By: Richard Hanus
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- Citizenship / Naturalization and the N-400 Application
- Conditional Permanent Residence Based on Marriage
- DHS / Citizenship and Immigration Services (USCIS)
- Employment Authorization / Work Cards in the U.S.
- Employment-Based Immigration Law
- Family-Based Immigration Law
- Green Cards
- Immigrant Health Care Workers in the U.S.
- Immigrant Visas for Spouse / Fiancee / Child Visas
- Lawful Permanent Residence in the U.S.
Widespread Delays Continue to Plague Most Immigration FilingsPublished November 16, 2018
Applicants for immigration benefits in the U.S. such as lawful permanent residence, citizenship, employment authorization document (EAD), advance parole travel document (AP) and for removal of conditional basis on residence are seeing processing of their filings plagued by extraordinary delays. Finding a reason for these delays is not easy, since processing costs are funded by applicant filing fees (not taxpayer money) and there has been no substantial change in the processing environment. Thus the only rational explanation would be that the administration has made a choice to slow down processing, a choice that has caused havoc in countless numbers of applicants’ lives as well as for applicants’ employers.
I-485 Applications for Lawful Permanent Residence based on family relationship: Foreign nationals seeking to be processed for permanent residence (green card) in the U.S. by way of an I-485 application and family based petition are experiencing processing times ranging from 10-12 months. The most common family relationship serving as the basis of this type of filing is that of spouse of a U.S. citizen. All marriage based applicants, and most other family based applicants, can expect to be scheduled for an adjustment of status interview at their local DHS/CIS office within 10-12 months of filing. If all goes well at the interview, green cards are typically issued within 2-4 weeks thereafter.
I-765 Applications for Employment Authorization Document/I-131 Applications for Advance Parole Travel Document: Processing times for these types of applications range from 90 days (for employment based applicants) to 180 days or more (for family based applicants). These processing times apply to both initial applications as well as for renewals. The good news is that the filing receipts for renewal of EAD’s provide for an automatic 6 month extension of current document validity for various classes of applicants, including pending family and employment based adjustment of status applicants. The bad news is that sometimes the automatic 6 month extension is not enough and that it takes more than 6 months to facilitate renewal. For applicants renewing a current EAD or AP, the best advice is to seek renewal in as much time in advance as the application instructions allow.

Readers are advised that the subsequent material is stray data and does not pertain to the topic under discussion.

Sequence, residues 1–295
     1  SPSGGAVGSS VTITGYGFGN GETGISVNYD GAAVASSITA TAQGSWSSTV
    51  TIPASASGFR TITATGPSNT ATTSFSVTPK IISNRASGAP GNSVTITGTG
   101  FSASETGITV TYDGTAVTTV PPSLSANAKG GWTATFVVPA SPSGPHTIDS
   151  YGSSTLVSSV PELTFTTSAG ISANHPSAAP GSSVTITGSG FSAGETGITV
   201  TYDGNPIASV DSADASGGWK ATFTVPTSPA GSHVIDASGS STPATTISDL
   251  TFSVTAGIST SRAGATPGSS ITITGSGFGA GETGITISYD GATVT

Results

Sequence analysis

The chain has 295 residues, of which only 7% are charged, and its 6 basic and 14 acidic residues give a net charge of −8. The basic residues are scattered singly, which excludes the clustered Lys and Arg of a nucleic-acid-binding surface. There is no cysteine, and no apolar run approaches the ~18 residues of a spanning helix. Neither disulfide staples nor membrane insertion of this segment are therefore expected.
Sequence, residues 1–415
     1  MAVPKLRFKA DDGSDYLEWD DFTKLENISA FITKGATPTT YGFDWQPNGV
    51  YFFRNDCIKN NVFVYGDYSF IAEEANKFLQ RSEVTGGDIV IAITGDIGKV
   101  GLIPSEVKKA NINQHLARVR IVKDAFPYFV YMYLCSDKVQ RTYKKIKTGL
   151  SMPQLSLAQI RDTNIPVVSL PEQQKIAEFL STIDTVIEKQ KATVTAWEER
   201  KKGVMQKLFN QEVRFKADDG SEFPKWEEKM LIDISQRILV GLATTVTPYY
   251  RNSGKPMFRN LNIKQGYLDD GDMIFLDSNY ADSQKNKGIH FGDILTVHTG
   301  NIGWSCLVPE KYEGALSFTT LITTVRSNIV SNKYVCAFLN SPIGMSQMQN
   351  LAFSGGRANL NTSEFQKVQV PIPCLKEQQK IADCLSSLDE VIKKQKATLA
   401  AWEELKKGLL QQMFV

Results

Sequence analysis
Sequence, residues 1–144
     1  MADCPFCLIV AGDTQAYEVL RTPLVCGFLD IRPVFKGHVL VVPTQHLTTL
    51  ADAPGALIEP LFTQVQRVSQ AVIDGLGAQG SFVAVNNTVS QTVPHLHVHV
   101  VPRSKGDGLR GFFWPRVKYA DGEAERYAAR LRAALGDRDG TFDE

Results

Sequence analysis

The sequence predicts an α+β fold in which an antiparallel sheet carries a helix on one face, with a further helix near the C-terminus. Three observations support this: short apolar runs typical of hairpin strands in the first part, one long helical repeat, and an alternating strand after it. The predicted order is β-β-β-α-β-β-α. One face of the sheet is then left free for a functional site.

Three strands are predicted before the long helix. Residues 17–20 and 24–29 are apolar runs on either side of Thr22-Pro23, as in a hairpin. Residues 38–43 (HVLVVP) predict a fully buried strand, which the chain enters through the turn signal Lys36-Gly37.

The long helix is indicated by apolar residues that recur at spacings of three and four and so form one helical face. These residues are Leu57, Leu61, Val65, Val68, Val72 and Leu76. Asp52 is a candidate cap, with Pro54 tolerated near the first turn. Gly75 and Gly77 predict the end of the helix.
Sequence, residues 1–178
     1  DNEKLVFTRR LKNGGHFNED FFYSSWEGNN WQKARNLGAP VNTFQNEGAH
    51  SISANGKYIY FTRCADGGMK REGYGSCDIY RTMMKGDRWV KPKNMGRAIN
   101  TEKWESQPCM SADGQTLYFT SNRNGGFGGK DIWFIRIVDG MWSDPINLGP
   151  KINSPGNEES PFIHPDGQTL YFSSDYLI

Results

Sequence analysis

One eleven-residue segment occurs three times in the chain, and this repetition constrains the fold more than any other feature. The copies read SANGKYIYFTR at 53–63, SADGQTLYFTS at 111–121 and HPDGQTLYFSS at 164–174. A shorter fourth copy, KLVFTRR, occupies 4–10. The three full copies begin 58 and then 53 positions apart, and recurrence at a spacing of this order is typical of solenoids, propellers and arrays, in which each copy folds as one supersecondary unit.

I-751 – Petition to Remove Conditional Basis of Permanent Residence: Marriage based applicants for residence are typically issued a 2 year green card to start, and at the end of that two year period, a petition to remove the conditional basis on residence must be submitted. Processing times for this type of filing have skyrocketed to 18 months or more, and just the issuance of the CIS filing receipt has been taking 6 weeks or more as of late. The delays in filing receipt issuance are especially problematic, since the receipt serves to extend the card’s validity for the period the I-751 petition remains pending. Without the receipt, an applicant may find themselves without proof of status for purposes of employment authorization or for international travel. The remedy for individuals in this situation is to schedule an INFOPASS appointment to appear at their local DHS/CIS office to obtain a stamp on their passport confirming their status and to allow for continued employment and reentry into the U.S. following international travel.
N-400 Application for Naturalization: Applicants nationwide are seeing processing times growing, with applicants in the Chicago area waiting approximately 10-12 months to be scheduled for interview. Approved applicants usually are scheduled for an oath ceremony within 30 days of their interview.PUBLISHED November 16, 2018– “IMMIGRATION LAW FORUM” Copyright © 2018, By Law Offices of Richard Hanus, Chicago, Illinois